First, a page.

Barrick owns 73.9% of ABG, but identified it as an asset that did not meet its investment framework after new boss Jamie Sokalsky took over in June.
It entered discussions with CNG in August.
"These discussions were part of our ongoing efforts to identify opportunities to optimise our portfolio. However, we are approaching this in a prudent and disciplined manner and will only proceed with opportunities that generate acceptable value for Barrick," Sokalsky said overnight.
"African Barrick Gold's assets hold significant potential and we will continue to look for ways to best realise that value for our shareholders."
ABG said the extended period of uncertainty over a potential sale had ended and it would conduct an operational review on its Tanzanian mines to improve performance.
It comes after a weak operational and financial performance in 2012.
"Whilst the discussions between CNG and Barrick have not led to a transaction, the process has re-emphasised the fundamental long-term value of ABG's portfolio and the scarcity of large-scale producing opportunities to enter the gold market in Africa," ABG chief executive Greg Hawkins said.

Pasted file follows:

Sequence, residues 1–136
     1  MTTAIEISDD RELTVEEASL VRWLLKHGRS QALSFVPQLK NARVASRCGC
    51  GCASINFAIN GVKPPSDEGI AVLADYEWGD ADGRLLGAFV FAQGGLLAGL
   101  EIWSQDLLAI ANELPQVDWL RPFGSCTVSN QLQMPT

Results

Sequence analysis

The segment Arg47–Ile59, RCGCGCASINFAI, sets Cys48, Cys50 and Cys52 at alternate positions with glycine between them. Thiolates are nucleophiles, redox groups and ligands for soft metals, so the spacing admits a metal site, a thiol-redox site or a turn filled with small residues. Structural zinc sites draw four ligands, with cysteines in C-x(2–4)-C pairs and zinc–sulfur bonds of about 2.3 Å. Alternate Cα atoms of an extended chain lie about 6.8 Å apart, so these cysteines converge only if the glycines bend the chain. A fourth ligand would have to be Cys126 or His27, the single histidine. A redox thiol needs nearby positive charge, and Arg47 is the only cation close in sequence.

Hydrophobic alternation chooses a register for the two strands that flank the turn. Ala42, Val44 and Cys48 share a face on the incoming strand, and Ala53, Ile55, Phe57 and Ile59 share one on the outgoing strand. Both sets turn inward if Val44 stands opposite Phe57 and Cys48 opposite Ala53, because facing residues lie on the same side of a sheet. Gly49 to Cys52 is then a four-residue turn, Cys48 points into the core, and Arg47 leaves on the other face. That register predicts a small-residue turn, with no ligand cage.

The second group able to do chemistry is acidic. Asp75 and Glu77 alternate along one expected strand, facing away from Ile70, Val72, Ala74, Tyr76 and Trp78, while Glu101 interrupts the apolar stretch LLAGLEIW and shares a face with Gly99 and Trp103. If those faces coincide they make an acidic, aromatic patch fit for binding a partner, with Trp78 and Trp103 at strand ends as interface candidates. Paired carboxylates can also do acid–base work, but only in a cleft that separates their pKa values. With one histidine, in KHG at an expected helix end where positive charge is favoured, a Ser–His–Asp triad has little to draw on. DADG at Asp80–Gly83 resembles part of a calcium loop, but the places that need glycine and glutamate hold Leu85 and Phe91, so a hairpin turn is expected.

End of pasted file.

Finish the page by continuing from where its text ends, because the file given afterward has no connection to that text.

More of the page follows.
"We have demonstrated the ability of this business to generate significant cash flows and believe that the operational review will create the opportunity to further improve the return profile of the business."
Shares in ABG slumped nearly 21% overnight to 320 pence in London and Numis Securities kept the stock on hold with a 450p price target.
"The statement states Barrick ‘will only proceed with opportunities that generate acceptable value', implying the price wasn't right," analyst Cailey Barker wrote in a morning note.
"The company will continue to look for ways to realise value from the block, so still up for a potential sale.
"However, the news will come as a disappointment to some, who saw it as a potential exit from this underperforming stock, with a price mooted around the 520p mark."
ABG was spun-off from Barrick in 2010, with Barrick receiving over $US800 million for the sale of 26.1% of the company as part of its London initial public offering.